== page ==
The second key element of an SAP is including detailed descriptions of the statistical methods which will be used to analyze the data, including but not limited to the following:

  • Characterizing the null and alternative hypotheses
  • The chosen level of statistical significance (e.g., an alpha level of 0.05 is most common)
  • How missing data and outliers will be accounted for
  • Descriptions of covariates to be included
  • Procedures for handling noncompliance, withdrawals, and protocol deviations
  • Assessing treatment interactions, multiple comparisons, and subgroup analysis
  • Any interim or sequential analyses which may be applicable
  • Procedures for terminating a trial
  • Specifications of computer systems and statistical software packages (e.g., SPSS, SAS) to be used to analyze the data

Depending on whether the chosen measurement scales are nominal (e.g., if a disease is present or not), ordinal (e.g., the disease stages of cancer severity), or interval (e.g., blood pressure), different statistical methods must be used to accurately summarize the data. This section will also reveal the type of statistical tests to be conducted. For example, if certain assumptions can be made about the shape of distribution (e.g. normal) of the chosen population and this distribution’s form or parameters (e.g. means and standard deviations), parametric tests will be used; if these assumptions are not possible or applicable, nonparametric procedures will be used.

3 | Reporting and Interpretation of Results

The third element of SAPs should clearly define the criteria for determining statistical significance and provide a detailed explanation of the results, including how they will be reported and interpreted. This includes information on the format of the results (e.g., tables, graphs), the statistical significance of the findings, and any limitations of the analysis. Descriptive or summary statistics (e.g., non-missing sample size, mean, standard deviation, etc.) should also be displayed for continuous and categorical data. All data, in general, must be listed by site, treatment, subject, and visit if applicable, all separated between each treatment group and annotated with the total population size and any missing observations. The SAP should also include information on how the results will be presented in the final clinical trial report.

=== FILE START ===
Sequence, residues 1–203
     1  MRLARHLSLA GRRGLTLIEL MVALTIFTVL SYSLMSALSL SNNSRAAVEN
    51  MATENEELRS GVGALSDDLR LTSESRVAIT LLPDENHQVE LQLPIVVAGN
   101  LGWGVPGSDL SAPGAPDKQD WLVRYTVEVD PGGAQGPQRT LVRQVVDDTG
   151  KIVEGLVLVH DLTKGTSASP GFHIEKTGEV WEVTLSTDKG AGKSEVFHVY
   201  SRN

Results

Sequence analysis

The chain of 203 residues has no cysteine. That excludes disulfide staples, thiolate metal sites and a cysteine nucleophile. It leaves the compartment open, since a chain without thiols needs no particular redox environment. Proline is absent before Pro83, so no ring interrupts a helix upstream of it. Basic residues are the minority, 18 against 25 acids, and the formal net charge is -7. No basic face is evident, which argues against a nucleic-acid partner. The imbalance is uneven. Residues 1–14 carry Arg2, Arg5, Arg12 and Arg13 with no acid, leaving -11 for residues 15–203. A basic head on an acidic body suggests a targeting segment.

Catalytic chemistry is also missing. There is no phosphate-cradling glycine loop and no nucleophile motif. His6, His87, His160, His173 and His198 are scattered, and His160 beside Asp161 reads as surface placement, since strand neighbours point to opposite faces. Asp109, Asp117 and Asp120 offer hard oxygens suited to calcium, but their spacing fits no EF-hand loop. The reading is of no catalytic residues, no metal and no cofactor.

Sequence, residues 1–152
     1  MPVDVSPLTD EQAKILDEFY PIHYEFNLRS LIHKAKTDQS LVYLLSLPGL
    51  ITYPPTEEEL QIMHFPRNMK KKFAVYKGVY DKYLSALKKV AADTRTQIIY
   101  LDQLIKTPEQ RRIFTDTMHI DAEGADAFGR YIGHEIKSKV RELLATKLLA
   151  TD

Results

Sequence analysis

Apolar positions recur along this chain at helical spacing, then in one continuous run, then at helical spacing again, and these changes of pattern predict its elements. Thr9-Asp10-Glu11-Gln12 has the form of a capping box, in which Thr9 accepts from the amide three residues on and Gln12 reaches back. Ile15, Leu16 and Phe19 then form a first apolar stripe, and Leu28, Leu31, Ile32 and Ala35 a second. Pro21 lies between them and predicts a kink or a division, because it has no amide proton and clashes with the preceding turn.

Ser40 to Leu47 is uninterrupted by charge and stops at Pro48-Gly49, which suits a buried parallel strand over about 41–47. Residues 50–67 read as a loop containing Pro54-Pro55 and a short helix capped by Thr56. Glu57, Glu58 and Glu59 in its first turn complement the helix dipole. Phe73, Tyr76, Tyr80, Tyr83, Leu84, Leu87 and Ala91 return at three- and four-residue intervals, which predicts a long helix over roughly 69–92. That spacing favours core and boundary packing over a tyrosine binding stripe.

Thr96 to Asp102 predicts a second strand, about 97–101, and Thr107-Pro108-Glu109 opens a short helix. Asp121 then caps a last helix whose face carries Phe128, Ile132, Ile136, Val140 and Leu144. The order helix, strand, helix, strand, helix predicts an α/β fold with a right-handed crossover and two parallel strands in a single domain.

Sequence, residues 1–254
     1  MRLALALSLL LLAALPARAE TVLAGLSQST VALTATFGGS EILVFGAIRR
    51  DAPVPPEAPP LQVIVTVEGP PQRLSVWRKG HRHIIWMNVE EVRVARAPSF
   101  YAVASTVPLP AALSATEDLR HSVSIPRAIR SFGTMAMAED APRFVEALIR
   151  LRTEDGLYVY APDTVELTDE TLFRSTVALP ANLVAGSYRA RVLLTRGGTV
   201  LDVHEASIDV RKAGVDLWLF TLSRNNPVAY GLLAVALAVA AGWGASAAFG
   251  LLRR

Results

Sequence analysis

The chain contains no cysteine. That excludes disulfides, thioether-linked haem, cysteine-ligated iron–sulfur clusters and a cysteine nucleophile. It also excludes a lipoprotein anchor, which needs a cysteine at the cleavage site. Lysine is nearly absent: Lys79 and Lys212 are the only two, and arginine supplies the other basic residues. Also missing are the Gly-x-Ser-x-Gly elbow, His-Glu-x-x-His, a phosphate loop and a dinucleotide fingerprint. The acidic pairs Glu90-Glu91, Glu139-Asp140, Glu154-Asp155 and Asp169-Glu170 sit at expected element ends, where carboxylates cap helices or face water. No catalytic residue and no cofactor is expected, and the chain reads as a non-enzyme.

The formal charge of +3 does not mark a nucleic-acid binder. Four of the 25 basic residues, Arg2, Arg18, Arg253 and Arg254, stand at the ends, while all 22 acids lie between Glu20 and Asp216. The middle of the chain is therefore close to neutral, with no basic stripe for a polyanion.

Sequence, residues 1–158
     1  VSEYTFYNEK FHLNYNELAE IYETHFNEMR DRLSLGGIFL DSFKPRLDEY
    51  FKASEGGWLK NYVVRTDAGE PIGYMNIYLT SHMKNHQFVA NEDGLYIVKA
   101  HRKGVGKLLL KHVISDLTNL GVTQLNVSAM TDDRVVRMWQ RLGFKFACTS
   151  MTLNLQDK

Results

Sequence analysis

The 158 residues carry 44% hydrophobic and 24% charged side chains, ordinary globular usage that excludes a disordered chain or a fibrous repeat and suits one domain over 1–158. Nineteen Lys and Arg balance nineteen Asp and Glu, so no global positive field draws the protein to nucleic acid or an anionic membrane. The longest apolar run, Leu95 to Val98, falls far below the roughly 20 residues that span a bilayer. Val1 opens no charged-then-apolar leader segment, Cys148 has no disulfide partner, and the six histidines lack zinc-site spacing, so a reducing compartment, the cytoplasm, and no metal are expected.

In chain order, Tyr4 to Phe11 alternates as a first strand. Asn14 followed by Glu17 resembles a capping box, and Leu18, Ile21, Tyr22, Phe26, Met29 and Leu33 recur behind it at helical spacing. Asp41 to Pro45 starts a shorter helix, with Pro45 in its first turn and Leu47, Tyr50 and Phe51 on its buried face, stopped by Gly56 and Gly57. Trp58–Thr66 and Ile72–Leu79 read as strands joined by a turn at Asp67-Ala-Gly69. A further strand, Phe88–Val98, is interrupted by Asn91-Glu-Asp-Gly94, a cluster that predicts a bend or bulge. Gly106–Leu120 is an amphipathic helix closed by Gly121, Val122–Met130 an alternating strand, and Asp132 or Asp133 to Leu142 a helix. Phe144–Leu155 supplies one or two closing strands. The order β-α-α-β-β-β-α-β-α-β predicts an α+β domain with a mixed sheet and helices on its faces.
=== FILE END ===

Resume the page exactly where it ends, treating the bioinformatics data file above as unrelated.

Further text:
SAP: A Critical Tool in Clinical Research

A Statistical Analysis Plan (SAP) is a critical tool for supporting evidence-based clinical practices in medicine and scientific research. It provides a blueprint for data analysis that not only allows for a transparent assessment of the study’s results, but it provides a systematic approach for other researchers to replicate these results. A well-written SAP includes detailed descriptions of the study design and data collection methods, the statistical methods that will be used, and the reporting and interpretation of results.

By following the key elements outlined in this post, any sponsor’s or CRO’s researchers can ensure that their SAP is comprehensive and effective in guiding data analysis. Although the process of developing an SAP may be time-consuming and complex, it is a critical step in the research process that can lead to more accurate and impactful clinical trial findings.

Vial, The CRO for Biotech

As a leading full-service CRO powered by technology, our team at Vial believes in leveraging innovative digital technology to streamline data collection and simplify data analysis further for our clients. Trusted by leading sponsors, our specialized teams are paving the way for modernized clinical research by leveraging digital innovation to deliver shorter study timelines, quality, affordable services, and a clinical trial experience that puts you first. Contact a team member today to discover how we can help!